Objective: To examine the characteristics of cervical spinal injury (CSI) in school aged children injured in community based rugby football who presented to the emergency department for assessment.
Methods: This is a retrospective descriptive case series study reviewing the medical records of all children younger than 15 years of age who presented to the emergency department at the Children’s Hospital at Westmead, Sydney, Australia for assessment of injury to the cervical spine between 2000 and 2003.
Results: There were 125 children with CSI; most (97%) were boys of mean age 12.7 years. Injuries occurred throughout the season, with an unexpected peak in June. Neck pain was the main presenting complaint (98%). Neurological symptoms were reported in 43%, half having concussion. Hyperextension of the neck accounted for a third of all cases and was usually the result of a spear tackle. Appropriate treatment of the cervical spine on the field of play before transport to hospital was inconsistently performed. Half of the players with CSI suffered secondary injuries, consisting of concussive head injury, faciomaxillary injury, eye injury, or limb fracture. Admission to hospital was common, with all children admitted undergoing further radiological assessment. Two minor fractures were reported and no permanent neurological disability. Overall, no adverse events were reported and the clinical outcome was good.
Conclusion: CSI in children playing rugby football is rarely catastrophic although often associated with other injuries. Continued efforts are needed to educate players and referees to prevent injury.
- spinal injury
- rugby football
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Cervical spine injury (CSI) in children is a relatively rare event, with motor vehicle accidents and falls as the prevailing mechanisms in young children less than 10 years old.1 In children older than 10, more sustain a CSI while involved in sports than in motor vehicle accidents. Spinal cord injury can have catastrophic consequences if the diagnosis is delayed and/or the initial treatment is inadequate. A missed injury in a child can result in permanent paralysis or even, in rare cases, death.1,2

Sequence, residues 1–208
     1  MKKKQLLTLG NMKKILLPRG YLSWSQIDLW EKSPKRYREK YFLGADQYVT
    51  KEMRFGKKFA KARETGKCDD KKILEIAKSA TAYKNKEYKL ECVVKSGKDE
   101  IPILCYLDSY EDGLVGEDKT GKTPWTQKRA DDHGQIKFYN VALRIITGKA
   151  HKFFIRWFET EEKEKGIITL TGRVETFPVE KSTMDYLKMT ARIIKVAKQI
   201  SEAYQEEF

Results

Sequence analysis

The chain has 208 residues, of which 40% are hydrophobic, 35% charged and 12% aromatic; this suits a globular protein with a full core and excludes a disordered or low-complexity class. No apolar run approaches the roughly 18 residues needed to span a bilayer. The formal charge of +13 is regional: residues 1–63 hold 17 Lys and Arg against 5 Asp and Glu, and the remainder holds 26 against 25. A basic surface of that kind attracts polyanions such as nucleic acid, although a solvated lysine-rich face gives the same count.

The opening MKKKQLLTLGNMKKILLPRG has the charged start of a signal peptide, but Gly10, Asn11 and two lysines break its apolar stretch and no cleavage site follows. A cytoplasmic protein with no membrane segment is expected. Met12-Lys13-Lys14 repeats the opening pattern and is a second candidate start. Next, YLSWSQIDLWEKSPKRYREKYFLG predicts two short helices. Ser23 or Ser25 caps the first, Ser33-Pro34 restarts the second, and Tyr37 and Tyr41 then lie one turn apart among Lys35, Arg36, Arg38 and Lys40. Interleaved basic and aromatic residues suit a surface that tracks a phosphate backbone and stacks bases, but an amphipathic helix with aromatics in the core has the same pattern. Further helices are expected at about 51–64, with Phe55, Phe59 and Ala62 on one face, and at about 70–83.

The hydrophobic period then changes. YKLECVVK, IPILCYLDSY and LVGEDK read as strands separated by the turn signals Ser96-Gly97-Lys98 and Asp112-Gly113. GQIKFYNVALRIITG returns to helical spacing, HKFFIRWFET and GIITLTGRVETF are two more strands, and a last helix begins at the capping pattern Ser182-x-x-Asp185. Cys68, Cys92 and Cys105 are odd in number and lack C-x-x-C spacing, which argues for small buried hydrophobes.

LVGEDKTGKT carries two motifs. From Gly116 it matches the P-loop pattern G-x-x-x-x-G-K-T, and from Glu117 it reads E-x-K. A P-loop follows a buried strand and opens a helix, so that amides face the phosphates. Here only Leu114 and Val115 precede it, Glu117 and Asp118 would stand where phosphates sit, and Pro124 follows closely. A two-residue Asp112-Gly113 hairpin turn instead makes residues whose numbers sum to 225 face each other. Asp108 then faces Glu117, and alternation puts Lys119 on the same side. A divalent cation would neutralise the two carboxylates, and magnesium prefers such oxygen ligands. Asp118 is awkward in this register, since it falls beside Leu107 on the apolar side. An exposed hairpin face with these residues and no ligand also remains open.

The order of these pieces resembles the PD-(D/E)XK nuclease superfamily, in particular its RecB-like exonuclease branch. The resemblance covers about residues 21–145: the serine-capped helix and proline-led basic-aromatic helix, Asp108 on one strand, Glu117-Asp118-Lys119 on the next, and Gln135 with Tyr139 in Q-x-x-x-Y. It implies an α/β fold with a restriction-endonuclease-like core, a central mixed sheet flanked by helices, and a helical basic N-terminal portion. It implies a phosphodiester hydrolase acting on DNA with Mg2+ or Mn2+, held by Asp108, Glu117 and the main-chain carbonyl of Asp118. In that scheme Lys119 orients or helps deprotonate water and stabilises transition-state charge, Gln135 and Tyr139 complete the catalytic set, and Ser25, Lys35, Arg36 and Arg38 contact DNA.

In the 1980s in Australia and New Zealand, there was major concern about player safety, with a reported increase in acute CSI in schoolboy rugby players.3–5 These injuries were identified as occurring in the scrum in union players and during a tackle in league players.3,6 A review of acute CSI injuries between 1986 and 1996 in Australia reported an incidence of 2.4/100 000 players-year.7 This high incidence of CSI resulted in the introduction of prevention strategies such as changes to the rules to allow more controlled engagement in the scrum in union and an education programme for players and referees focused on injury prevention.7,8 Injuries during the tackle in league were not addressed.
Reports on elite rugby have suggested that interventions to improve player safety have possibly reduced the incidence of CSI in recent years.7 No data are available, however, on the current nature of CSI in non-elite (community based), school aged rugby football players. The purpose of this study was to examine the characteristics of CSI in school aged children who were injured in non-elite (community based) rugby football and presented to the emergency department for assessment. Of particular interest is the association between these characteristics and the outcome of assessment, namely admission to hospital.